Razer Tarantula Keyboard 24

Razer Tarantula Keyboard Review

Drivers & Performance »

Closer Examination

As you can see from the picture above the keyboard is relatively big and has a shiny surface, just like the new iPods. I looks quite stylish compared to my old Logitech G15.

One thing you notice right from the begining is the rather odd key layout. In order to keep the width of the keyboard to a minimum, the key section above the arrow keys are rotated 90 degrees clockwise.

The keyboard has some normal standoffs to raise the keyboard so that it's more comfortable to use. They are made of the same thick plastic as the rest of the keyboard.

Even though the Tarantula primarily is a gaming keyboard it does have some nice multimedia features such as Zoom +/- and rotate. On the right side of the keyboard there are some media control buttons such as: play, skip +/-, stop, open media player. Besides that there is a volume control and shuffle function control on the right side of the keyboard.

Besides the common media functions and stuff like that the Tarantula features two USB 2.0 ports on the back along with two mini-jack ports. These USB ports are connected via two USB connectors to the motherboard's USB ports. This enables you to connect two power demanding USB 2.0 peripherals to the Tarantula keyboard instead of just one. The two mini-jack ports enable you to use a headset with a short wire.

To my surprise the Tarantula is actually a bit lower than the G15. The height of the Tarantula is a nice compromise. It is comfortable and doesn't look like a giant sitting on your desk in the same way as the G15 does.

When it comes to lighting the Tarantula is a bit disappointing because only the ten L and R keys are back lighted. I quite liked the keys on the G15 because the lighting was really bright and therefore easy to see when it's dark. To make up for this Razer has announced a BattleLight which can be mounted in the BattleDock of the Tarantula.

One of the most interesting things about the Tarantula is the changeable keys. The system allows you to remove any key on the keyboard and replace it with a blue special character key.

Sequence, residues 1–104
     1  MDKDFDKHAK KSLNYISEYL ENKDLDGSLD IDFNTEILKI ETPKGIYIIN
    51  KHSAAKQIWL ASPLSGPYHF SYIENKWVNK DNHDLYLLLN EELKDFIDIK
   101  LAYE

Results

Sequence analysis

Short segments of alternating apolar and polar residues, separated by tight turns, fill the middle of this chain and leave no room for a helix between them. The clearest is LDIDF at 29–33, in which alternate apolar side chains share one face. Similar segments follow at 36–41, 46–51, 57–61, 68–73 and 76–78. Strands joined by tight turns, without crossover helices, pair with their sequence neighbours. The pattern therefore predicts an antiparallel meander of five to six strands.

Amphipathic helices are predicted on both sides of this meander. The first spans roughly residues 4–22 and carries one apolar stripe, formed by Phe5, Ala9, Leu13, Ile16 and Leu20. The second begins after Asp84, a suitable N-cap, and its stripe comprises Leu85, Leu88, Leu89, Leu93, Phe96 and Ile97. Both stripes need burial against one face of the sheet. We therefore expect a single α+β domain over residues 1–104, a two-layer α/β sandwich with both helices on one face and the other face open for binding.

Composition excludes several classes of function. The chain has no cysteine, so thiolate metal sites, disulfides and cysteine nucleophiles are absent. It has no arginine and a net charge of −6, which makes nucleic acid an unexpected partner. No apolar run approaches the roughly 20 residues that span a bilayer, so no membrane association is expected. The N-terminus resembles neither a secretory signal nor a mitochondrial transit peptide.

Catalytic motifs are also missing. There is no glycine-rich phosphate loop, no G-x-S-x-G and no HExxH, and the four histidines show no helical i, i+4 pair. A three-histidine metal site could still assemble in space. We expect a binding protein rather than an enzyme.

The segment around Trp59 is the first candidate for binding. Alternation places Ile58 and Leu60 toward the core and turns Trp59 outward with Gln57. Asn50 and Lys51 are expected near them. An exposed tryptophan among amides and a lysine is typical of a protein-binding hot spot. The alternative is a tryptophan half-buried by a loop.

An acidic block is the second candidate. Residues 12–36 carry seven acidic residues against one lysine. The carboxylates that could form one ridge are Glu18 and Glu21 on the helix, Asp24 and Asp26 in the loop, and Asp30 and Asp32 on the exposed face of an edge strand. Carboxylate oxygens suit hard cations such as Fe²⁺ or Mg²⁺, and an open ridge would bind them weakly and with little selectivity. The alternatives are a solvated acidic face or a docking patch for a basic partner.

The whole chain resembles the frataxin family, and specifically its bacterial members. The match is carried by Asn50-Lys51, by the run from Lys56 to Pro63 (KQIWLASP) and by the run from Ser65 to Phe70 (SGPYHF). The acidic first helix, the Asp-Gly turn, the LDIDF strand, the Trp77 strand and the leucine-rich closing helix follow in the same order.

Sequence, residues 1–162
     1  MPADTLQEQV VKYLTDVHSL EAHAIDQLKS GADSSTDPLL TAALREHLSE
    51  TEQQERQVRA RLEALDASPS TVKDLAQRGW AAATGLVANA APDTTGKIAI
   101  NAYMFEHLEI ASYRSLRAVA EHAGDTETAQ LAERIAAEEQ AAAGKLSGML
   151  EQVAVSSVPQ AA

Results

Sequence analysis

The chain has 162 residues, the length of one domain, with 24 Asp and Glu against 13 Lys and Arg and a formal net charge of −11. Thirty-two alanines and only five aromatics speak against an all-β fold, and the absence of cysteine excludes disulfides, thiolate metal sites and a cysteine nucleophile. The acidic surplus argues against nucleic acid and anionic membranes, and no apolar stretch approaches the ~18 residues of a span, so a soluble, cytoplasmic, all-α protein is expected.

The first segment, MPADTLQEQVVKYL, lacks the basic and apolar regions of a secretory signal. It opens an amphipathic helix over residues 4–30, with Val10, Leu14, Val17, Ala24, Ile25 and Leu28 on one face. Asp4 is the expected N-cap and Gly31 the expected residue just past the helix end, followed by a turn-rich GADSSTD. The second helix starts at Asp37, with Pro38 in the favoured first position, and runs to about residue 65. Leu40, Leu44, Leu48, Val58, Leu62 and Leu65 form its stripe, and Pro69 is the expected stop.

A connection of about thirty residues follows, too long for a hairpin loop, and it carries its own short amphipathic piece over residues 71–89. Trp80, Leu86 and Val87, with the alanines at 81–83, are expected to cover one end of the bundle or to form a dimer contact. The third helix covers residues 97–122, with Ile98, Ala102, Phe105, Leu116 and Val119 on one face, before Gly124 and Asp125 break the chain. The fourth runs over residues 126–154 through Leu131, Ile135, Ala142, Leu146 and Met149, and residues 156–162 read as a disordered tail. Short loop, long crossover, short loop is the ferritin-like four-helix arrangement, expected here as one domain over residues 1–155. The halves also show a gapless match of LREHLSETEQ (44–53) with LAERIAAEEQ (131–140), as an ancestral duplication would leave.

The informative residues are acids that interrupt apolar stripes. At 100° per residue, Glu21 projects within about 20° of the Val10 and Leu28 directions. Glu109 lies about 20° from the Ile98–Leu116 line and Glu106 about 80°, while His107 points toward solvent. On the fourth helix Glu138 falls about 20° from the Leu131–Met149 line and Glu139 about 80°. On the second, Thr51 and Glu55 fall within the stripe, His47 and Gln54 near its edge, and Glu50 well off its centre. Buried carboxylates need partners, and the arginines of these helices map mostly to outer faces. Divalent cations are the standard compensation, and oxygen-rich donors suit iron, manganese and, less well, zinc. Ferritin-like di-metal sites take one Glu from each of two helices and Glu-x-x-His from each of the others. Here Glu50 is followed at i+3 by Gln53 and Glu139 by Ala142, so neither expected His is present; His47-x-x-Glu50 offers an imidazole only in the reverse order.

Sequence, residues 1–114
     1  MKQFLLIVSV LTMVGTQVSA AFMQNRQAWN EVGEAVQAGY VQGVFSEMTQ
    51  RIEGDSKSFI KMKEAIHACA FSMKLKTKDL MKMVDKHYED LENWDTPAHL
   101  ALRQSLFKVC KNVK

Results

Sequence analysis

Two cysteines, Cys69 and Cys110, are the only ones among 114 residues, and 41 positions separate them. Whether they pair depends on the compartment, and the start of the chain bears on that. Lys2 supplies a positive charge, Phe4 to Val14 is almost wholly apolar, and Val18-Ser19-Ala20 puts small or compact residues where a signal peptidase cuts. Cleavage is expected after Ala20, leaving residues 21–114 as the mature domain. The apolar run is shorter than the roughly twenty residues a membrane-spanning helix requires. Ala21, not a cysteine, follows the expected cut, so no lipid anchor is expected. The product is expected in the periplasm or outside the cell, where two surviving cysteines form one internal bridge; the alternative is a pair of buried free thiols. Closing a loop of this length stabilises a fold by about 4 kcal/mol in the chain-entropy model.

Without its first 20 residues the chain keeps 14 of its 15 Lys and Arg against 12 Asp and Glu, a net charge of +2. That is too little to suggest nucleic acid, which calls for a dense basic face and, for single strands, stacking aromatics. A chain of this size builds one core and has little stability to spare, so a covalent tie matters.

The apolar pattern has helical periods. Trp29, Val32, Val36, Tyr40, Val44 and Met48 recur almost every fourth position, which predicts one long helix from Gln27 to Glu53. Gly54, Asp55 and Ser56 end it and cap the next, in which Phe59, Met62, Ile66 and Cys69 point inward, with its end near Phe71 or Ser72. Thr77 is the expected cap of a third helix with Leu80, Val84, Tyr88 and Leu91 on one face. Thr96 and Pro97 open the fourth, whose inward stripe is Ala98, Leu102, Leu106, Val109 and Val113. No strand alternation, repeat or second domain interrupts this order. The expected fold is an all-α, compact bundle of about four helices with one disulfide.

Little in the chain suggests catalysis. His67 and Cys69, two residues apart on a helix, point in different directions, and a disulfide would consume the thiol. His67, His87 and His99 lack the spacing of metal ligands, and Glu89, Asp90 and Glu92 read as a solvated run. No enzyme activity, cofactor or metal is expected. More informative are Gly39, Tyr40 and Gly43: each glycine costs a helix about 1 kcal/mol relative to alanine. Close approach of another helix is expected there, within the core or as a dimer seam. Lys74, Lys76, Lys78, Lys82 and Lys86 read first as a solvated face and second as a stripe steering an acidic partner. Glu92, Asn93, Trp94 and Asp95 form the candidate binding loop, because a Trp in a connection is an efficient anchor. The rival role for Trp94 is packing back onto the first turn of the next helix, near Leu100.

This is how it looks when you replaced the original L or R keys with some of the special keys that come bundled with the keyboard. Instead of having a character on them they have an icon. As you can see from the images above the special key set looks quite nice in the dark.

The reason why all this is possible without breaking the internal contacts of the keyboard is this.

There is a specially designed key remover that can grab the keys without applying unnecessary force. The buttons on the keyboard are situated on top of a hollow plastic box which means that the buttons are only held in place by it and the rubber contact on the bottom of the keyboard. A normal keyboard has a retaining mechanism made of metal holding the buttons in place, thats why you can't remove the buttons on a regular keyboard without the risk of ruining it. Razer has found a nice way to get around this particular problem and after replacing the same button ten times there was no noticeable damage to the socket.

This keyboard has the same glowing logo as the DeathAdder, only it's a bit bigger. It looks nice but isn't really useful in any way.

The Tarantula cord splits up into 4 separate connectors, two 3.5mm mini-jack connectors for sound and two USB 2.0 connectors for internal power to the USB hub in the Tarantula. As you can see on the picture above the connectors are quite sturdy.
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